Newspaper Page Text
The Indian Advocate.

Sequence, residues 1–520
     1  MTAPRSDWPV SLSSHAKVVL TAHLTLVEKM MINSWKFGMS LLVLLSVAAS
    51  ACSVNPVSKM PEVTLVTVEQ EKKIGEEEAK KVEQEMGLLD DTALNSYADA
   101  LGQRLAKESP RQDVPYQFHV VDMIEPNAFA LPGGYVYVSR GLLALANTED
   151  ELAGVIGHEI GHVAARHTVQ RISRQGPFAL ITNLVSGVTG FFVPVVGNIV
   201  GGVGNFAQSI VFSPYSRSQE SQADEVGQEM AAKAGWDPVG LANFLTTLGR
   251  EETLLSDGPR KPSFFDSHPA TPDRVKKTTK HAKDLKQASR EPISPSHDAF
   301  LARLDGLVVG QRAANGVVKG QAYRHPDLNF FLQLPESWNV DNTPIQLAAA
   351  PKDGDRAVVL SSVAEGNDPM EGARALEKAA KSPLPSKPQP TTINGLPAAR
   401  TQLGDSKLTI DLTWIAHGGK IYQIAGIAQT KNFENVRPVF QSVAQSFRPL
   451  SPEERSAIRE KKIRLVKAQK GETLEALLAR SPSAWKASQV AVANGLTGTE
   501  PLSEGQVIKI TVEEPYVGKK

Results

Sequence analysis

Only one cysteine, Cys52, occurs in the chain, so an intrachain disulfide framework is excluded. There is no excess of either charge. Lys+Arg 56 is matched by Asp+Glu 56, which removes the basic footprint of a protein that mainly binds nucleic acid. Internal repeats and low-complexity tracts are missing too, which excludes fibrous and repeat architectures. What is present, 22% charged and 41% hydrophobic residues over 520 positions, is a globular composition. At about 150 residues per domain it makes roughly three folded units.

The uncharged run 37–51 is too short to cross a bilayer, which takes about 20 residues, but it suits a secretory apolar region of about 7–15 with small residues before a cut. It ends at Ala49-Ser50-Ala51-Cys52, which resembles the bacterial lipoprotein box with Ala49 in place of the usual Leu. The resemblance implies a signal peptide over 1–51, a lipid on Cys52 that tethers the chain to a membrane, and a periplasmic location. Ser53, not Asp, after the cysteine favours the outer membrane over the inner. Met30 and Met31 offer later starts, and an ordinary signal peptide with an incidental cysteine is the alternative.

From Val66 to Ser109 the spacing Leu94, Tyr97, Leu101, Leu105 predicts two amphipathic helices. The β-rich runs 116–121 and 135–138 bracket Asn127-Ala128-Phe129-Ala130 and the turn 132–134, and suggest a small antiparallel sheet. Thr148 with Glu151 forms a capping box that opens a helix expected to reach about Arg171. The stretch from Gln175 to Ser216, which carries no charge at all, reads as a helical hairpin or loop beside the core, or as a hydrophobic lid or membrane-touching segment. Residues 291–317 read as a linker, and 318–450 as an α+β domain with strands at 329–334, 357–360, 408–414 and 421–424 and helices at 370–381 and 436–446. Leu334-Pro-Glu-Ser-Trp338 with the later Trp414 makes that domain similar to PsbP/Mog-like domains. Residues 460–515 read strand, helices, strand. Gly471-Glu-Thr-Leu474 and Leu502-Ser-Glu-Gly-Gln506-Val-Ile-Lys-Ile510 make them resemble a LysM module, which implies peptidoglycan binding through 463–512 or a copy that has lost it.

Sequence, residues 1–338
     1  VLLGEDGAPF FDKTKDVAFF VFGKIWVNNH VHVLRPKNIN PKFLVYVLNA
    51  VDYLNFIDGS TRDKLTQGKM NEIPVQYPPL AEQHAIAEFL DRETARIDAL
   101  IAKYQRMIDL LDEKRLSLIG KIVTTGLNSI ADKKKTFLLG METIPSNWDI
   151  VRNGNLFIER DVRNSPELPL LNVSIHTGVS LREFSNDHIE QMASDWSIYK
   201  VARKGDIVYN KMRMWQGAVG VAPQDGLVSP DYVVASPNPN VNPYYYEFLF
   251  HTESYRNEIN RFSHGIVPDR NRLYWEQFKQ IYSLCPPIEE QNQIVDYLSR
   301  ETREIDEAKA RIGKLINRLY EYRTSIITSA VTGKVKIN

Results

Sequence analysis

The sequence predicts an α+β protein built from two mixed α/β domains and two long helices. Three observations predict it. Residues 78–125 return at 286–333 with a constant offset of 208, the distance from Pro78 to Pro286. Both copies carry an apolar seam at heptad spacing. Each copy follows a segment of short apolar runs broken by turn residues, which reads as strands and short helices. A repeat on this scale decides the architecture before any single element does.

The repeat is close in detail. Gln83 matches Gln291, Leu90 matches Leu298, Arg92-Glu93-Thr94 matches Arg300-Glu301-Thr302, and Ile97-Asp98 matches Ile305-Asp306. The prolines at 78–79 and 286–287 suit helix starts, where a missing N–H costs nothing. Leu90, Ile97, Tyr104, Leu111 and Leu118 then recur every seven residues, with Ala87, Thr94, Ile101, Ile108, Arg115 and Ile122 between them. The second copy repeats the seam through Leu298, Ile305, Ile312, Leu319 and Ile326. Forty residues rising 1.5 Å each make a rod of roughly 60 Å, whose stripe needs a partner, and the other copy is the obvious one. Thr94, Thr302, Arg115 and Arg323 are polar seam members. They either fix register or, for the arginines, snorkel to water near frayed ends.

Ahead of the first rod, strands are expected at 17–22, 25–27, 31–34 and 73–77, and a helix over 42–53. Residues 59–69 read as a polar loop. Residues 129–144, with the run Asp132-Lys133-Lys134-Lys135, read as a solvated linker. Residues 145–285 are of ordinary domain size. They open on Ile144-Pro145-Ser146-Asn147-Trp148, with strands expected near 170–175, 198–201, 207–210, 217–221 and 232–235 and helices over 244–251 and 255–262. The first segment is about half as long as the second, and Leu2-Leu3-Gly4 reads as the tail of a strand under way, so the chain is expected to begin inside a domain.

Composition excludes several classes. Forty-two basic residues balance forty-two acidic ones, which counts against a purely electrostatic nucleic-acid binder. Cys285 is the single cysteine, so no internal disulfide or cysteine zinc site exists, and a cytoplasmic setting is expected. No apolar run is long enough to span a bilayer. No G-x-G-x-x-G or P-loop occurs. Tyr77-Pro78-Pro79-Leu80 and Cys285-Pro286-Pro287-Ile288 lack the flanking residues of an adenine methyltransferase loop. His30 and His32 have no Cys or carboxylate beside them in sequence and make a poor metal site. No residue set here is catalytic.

Rev, H, G, Ganss' Address at the Catholic Feck j eratinn in Chicago. August 1902. R. President and Gentlemen of the Federation; It strikes me that no gathering of American M Catholics assembled in deliberate session would reflect the reoresentat i ve character of the Church, the enlightening spirit of its members, and the sacred traditions of its past, without in including the most historic and pathetic element of our Republic. I refer to the real, true and, in the literal acceptation of the word, the origi nal American the Indian. The Indian question has at all times been a most vexatious one; has been a problem full of perplexities. It has been one, although it enlisted the most consummate statesmanship, the highest judicial opinions of the nation, the most lavish expenditure of philanthropic endeavor, and, again, the whole United States army, it has not even at this day been solved. It has baffled all solution. My province in speaking to you today is, not to dwell upon it in its politi cal bearing, but to give to you a simple and lucid explanation of the Catholic work among the Indian people. The work began four hundred years ago, and it has gone on without cessation or interruption to the present day. In this work we have the most heroic efforts that the Church has ever made to establish the faith on the American conti nent. More than thirty martyrs have crimsoned the Ameri can soil with their blood and consecrated it by their labors in this great work. And at the present day, on our frontiers, the same heroic self-sacrifice that characterized the labors of Las Casas, or the labors of a Fra Junipero, or the labors of a Father De Smet, are revealed to us in undiminished vigor.